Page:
A White Heron by Sarah Orne Jewett
The short story “A White Heron” was written at the end of the 19th century, in 1886. In spite of a very simple plot, which can remind a reader of children’s story, the way it is told makes this literary work a remarkable event in the development of American realism. Sarah Orne Jewett uses nature as a tool, which helps her to develop the main character, Sylvia. True meaning in Sylvia’s life manifests itself through a number of symbols or signs.
Symbols and Signs
Sylvia, who is only nine years old, is trying to find peace in the desolate nature of coastal New England. Unlike many other children of her age, she finds it very difficult to communicate with people and play with her peers. For that reason, her grandmother’s decision to take the girl from the town is like an escape from the world where she felt like a stranger. All Sylvia’s family notices a dramatic improvement in her looks and behavior, but the girl herself feels.
The girl is more than satisfied with the life she has now. Finding herself unable to create confidential relationships with people, Sylvia becomes affectionate with animals, birds, and inanimate objects. It is symbolic that when she thinks about her home, she does not recollect moments with her parents, brothers, or sisters, but she only misses. In contrast to animals and natural objects, people frighten her. Being far away from her town, she still thinks about it.
Sylvia’s newly found peaceful life changes once in the evening when she hears a whistle during her walk back to the farm. The whistle is an important symbol in the story as it always makes the girl alert. Due to her previous experience, she perceives the sound, not as a “bird’s whistle which would have a sort of friendliness, but a boy’s whistle, determined, and somewhat aggressive” (Jewett 132).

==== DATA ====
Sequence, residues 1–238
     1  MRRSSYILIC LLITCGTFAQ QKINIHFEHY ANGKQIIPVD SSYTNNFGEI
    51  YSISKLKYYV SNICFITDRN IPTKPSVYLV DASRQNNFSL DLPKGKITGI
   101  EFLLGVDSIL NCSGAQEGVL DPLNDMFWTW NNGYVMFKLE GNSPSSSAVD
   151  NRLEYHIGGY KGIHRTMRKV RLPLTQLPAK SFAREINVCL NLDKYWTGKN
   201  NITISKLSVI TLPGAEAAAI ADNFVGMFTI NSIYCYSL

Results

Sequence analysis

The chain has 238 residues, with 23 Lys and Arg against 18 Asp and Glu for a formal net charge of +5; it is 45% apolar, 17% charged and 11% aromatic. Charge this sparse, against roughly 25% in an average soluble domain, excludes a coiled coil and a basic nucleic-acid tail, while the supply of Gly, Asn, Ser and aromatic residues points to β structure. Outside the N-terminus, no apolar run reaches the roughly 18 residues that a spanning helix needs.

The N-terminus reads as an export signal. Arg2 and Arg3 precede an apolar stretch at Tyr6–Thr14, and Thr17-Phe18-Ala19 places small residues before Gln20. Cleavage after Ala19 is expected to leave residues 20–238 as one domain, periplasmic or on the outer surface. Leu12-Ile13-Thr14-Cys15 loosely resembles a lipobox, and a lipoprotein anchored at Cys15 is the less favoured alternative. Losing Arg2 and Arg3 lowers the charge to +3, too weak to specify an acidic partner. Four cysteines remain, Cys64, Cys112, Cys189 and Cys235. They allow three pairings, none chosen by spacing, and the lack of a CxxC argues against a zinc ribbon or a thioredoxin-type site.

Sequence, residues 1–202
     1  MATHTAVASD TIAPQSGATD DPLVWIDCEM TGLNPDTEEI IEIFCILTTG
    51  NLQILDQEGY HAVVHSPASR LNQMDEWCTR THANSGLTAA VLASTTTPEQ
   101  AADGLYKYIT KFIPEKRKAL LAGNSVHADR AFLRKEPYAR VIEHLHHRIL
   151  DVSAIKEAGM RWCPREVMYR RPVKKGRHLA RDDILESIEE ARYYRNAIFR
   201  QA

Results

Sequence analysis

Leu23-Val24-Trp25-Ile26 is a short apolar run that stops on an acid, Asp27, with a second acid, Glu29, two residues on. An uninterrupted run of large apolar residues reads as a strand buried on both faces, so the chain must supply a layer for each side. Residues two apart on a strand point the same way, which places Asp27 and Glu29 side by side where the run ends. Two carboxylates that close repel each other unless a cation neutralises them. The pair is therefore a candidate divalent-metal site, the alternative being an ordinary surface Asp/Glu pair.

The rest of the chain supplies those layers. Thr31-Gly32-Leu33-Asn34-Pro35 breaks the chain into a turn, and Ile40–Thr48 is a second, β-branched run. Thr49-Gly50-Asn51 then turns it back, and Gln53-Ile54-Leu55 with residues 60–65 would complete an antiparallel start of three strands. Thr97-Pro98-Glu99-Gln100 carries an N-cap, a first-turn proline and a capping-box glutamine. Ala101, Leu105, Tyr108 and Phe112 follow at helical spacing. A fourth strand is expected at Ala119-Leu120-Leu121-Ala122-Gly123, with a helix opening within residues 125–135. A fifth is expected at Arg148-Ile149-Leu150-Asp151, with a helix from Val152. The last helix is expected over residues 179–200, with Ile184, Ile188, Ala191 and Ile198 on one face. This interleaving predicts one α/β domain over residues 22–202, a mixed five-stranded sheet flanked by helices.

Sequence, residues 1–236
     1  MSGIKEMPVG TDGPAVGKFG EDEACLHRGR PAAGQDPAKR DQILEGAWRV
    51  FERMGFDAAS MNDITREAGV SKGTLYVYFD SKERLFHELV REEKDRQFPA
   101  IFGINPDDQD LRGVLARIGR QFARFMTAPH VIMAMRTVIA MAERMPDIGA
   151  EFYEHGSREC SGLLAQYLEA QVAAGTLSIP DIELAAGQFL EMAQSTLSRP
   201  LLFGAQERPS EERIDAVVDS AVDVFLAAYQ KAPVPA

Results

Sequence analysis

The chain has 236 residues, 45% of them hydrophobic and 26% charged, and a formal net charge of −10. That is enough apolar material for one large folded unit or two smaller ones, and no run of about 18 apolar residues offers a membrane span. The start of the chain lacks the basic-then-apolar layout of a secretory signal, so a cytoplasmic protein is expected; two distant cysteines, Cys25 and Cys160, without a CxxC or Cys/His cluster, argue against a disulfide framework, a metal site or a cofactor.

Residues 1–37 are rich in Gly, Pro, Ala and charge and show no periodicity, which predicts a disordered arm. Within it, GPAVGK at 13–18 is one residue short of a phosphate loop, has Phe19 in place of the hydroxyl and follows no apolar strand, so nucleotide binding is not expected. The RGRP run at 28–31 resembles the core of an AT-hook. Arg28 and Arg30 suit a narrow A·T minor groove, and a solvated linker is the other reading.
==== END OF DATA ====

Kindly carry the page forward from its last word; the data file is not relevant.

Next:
The man who produces the sound represents the world that Sylvia has been trying to escape. Therefore, she cannot feel at ease with him, and she is surprised by her grandmother’s cordial welcome to the stranger. It is obvious that the young man lives in the town, where the material objects are valued. In contrast to Sylvia, who can enjoy nature as it is, the young man is determined to preserve the beauty of the surrounding world even if he has to kill birds for this purpose.
The young man came to the village in order to find a white heron, a beautiful and rare bird. He hopes that the girl will show him its nest. Surprisingly to herself, Sylvia becomes attracted to the man who kills birds that she loves so much. For now, the only friends that she has are animals, and the stranger turns to be a hunter, who kills and collects animals and birds to preserve their beauty.
Sylvia is trying to understand the way the handsome stranger sees the beauty; she discovers that the young hunter likes the birds too, and he knows a lot of interesting facts about them. Gradually, Sylvia starts to trust the man, and she wants to please him.
Their friendship can be viewed as the girl’s attempt to regain understanding with the world of people. To Sylvia, this is a completely new experience. They share the same love for birds, even if it is expressed in different ways. “The woman’s heart, asleep in the child, was vaguely thrilled by a dream of love” (Jewett 133). Even not being aware of her feelings, Sylvia is almost ready to tell him her secret.